It tarnishes easily and should only be soldered with precision equipment and special training. Since the price of silver has gone down, it's less common in the market. There's also no legally approved quality stamp standard for this type.
This base metal product has an extremely thin plating layer of silver applied to the surface. Even when jewelry is described as dined silver plated, the silver content is a tiny percentage.
Silver-plated jewelry is typically affordable costume jewelry. It can tarnish easily and will wear off to expose the based metal underneath. Since it's costume jewelry, it 's not required to have a quality stamp but might have manufacturers logo or hallmark.
Nickel silver can be deceiving because the "silver" describes the color of the metal and not the content. It's a base metal alloy made up of mostly copper with nickel and or zinc. It's inexpensive but has a similar appearance to sterling silver. However, it contains no silver at all.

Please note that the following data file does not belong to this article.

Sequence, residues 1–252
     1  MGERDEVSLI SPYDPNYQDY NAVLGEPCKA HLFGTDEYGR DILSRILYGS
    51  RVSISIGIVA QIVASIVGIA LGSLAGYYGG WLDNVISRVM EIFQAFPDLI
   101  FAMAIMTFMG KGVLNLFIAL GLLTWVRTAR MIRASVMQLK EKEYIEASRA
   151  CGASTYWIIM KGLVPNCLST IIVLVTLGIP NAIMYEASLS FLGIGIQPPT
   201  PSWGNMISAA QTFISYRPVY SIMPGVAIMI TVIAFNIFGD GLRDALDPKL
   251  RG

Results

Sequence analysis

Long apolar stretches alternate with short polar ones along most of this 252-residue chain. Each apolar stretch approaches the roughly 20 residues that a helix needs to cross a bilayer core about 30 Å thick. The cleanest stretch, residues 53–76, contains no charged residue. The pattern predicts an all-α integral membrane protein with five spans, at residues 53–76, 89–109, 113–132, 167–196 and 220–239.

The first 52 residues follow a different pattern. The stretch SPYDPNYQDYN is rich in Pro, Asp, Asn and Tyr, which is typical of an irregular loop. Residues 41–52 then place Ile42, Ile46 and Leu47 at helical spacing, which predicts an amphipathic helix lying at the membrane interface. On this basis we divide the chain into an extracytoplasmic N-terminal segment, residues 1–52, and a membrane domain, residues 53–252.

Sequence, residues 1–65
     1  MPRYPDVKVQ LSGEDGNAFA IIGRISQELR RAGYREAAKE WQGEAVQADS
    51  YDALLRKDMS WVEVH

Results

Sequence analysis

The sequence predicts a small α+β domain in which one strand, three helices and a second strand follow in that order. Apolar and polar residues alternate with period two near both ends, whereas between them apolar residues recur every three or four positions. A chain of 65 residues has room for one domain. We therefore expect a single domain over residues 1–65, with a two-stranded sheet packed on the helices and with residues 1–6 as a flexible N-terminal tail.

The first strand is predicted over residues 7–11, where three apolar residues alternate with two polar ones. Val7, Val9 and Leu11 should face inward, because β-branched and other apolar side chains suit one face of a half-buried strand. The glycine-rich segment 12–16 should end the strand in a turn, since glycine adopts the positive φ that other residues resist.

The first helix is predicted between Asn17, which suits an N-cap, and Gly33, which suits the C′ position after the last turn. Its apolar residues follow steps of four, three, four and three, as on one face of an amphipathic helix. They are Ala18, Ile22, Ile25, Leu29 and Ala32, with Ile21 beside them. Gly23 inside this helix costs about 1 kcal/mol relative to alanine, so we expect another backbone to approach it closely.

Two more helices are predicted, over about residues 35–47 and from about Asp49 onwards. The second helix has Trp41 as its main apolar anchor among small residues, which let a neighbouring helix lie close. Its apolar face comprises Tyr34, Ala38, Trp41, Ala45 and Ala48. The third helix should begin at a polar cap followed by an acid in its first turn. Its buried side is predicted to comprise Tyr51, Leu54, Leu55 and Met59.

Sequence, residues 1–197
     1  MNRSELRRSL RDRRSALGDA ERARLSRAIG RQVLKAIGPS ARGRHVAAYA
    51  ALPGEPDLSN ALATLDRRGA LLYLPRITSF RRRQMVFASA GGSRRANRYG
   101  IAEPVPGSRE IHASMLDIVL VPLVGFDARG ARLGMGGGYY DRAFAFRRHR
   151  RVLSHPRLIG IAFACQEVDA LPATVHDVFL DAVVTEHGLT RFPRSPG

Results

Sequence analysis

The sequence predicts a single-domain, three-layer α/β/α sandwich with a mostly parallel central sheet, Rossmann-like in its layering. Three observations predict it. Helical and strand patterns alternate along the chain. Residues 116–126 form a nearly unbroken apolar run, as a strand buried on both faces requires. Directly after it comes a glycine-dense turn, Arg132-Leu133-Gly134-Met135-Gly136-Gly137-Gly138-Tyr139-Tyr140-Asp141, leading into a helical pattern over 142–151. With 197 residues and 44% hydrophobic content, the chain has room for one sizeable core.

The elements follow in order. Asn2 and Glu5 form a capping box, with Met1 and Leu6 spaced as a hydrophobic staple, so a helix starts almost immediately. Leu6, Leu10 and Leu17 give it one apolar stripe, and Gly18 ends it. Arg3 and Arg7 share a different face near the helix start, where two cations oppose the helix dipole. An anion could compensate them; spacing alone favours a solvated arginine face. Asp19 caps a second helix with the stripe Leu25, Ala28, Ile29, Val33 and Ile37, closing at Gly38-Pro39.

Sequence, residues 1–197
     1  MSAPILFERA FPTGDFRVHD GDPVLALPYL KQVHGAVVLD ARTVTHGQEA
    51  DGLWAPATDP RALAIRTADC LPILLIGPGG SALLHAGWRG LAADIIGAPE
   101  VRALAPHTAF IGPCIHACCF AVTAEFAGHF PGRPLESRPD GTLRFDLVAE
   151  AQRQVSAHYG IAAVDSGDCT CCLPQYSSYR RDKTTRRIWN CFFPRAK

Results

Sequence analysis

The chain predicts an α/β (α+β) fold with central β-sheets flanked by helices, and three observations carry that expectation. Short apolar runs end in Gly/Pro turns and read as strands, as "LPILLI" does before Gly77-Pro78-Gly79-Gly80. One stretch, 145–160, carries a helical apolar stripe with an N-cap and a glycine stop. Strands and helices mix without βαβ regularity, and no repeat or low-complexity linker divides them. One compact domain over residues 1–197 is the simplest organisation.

It's soft and a great practice metal. It has other names on the market like Alpaca silver or German silver. It is used in costume jewelry but should be described as a nickel alloy since many people are allergic to nickel.
Tibetan silver and other alloys described as "tribal" silver are base metal alloys that have a silver appearance. The contents of this silver's alloys tremendously vary and may not contain silver what so ever.
Some of these come from exotic lands and can contain dangerous metals such as lead, so beware when purchasing and never give it to children. However, the pieces can be beautiful so buy for the design instead of the quality of the metal.
There is a lot of quality silver coming from Bali, Thailand, and Mexico. But this silver should be marked with a quality "925" stamp in an inconspicuous place. There are also a lot of lower grade silver alloys coming from these countries, so be aware that the name of the country this silver is from is no guarantee of quality or silver content. Buy from reputable sources, not street corners, cruise ship stops, or bargain sites.
Now that you know about the different types of silver and their pros and con, you have the knowledge to find that silver jewelry that is right for you. Always check the quality stamp and consider things like origin, the reputation of the seller, and the quality of craftsmanship of your piece.